Parkinson’s disease cure: THIS common drug could slow progression of condition


Masha Guthrie

Date: 17.09.2017

Researchers have found evidence that an antidepressant drug could slow progression of Parkinson’s disease.

A study by Michigan State University discovered that a drug - nortriptyline - can stop the growth of abnormal proteins that can build up in the brain.

The drug has been around for more than 50 years and is used to treat depression and nerve pain.

However, scientists believe it could have a new purpose.

“Depression is a very frequent condition associated with Parkinson's, so we became interested in whether an antidepressant could modify how the disease progresses," said Tim Collier, lead study author of the research published in the journal Neurobiology of Disease.

Scientists looked at whether patients who had been on antidepressants needed to go on standard Parkinson’s treatment later than people who hadn’t used antidepressants.

Parkinson’s sufferers are commonly prescribed a therapy called levodopa.

The disease can cause levels of dopamine to significantly decrease.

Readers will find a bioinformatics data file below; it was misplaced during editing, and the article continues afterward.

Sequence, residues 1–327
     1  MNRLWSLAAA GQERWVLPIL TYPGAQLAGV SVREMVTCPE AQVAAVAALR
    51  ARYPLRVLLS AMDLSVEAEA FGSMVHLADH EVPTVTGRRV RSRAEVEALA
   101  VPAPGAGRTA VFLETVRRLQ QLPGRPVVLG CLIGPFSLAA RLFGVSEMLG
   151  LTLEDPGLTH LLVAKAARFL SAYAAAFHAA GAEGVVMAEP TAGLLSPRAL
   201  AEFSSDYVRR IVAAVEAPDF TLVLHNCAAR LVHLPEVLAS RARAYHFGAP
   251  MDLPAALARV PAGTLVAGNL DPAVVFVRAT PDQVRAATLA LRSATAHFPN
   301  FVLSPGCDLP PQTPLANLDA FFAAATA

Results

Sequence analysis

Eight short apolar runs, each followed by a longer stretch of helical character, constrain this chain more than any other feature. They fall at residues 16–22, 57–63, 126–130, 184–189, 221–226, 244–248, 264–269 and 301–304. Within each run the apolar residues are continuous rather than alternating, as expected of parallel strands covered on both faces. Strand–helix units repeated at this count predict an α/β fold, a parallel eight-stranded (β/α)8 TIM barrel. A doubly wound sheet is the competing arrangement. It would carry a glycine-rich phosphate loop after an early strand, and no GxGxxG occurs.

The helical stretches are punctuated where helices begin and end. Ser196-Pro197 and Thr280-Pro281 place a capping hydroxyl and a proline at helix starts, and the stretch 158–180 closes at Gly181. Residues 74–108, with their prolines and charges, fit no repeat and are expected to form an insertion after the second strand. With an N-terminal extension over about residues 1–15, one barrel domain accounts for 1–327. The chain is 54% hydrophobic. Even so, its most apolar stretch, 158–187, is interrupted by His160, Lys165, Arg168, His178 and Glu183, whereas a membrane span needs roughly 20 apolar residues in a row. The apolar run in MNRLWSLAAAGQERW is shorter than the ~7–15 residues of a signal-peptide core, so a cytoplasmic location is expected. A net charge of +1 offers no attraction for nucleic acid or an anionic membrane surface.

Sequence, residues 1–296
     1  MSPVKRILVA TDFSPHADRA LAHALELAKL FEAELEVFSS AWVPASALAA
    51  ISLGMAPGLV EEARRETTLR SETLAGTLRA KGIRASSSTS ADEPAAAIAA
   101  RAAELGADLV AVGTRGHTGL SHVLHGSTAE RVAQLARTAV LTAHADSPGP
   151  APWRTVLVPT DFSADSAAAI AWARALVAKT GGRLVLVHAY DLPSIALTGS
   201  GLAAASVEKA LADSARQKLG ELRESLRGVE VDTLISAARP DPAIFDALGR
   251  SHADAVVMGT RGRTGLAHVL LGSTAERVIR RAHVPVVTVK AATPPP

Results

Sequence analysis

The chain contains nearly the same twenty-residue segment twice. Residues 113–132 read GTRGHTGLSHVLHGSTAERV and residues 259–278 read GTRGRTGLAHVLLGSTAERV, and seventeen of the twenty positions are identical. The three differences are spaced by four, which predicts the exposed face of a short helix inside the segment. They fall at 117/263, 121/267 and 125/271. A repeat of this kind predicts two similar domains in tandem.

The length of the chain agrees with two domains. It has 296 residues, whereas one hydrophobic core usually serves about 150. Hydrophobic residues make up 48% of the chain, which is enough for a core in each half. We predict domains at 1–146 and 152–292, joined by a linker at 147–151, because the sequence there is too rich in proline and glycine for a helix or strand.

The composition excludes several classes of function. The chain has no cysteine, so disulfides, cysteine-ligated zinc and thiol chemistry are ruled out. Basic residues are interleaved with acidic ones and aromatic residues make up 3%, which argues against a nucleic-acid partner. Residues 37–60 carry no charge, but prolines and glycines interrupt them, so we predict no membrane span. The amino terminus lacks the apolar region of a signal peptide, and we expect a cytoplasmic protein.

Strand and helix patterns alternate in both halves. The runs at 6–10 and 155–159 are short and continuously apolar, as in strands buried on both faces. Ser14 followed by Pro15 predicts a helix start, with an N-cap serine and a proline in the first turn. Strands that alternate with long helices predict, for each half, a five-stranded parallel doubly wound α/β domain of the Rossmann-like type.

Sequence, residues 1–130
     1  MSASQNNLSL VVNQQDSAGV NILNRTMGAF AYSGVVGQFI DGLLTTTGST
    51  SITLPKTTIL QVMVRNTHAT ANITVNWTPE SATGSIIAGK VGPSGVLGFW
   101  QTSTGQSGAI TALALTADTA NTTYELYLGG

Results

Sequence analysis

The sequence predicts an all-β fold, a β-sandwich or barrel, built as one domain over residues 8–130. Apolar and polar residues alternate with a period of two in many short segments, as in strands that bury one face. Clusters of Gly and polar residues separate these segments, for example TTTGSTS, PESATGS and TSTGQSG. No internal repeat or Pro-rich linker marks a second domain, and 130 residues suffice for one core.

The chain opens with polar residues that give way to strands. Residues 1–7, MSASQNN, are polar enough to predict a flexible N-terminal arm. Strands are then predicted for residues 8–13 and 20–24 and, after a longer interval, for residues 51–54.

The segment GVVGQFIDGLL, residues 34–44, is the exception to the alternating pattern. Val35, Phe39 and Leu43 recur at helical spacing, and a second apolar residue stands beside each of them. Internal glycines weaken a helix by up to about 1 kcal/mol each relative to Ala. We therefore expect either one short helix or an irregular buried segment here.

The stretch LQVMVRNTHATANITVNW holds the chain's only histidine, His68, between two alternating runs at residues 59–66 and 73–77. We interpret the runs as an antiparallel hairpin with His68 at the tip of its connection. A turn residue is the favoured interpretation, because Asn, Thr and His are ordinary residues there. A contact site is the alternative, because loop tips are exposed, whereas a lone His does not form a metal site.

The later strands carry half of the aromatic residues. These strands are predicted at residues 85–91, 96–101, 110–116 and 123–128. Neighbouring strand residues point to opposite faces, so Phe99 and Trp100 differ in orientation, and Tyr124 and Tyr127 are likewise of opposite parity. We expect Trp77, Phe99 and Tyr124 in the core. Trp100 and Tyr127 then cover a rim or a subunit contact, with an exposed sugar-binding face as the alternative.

"We found that those on a certain class of antidepressant, called tricyclics, didn't need the levodopa therapy until much later compared to those who weren't on that type of antidepressant medication," said Collier.

They discovered that the antidepressant decreased the amount of abnormal protein build up in the brain in rats.

The protein - called alpha-synuclein - can cause the brain's nerve cells to die when in a clustered state.

Researchers believe that understanding how these proteins clump together could help them develop other drugs for Parkinson’s.

"What we've essentially shown is that an already FDA-approved drug that's been studied over 50 years and is relatively well tolerated could be a much simpler approach to treating the disease itself, not just the symptoms," added Collier.

In the future they hope to test the antidepressant drug in a human clinical trial.

Parkinson’s disease affects 127,000 people in the UK.

This material was created specially for WorldHealthNews project by Masha Guthrie.

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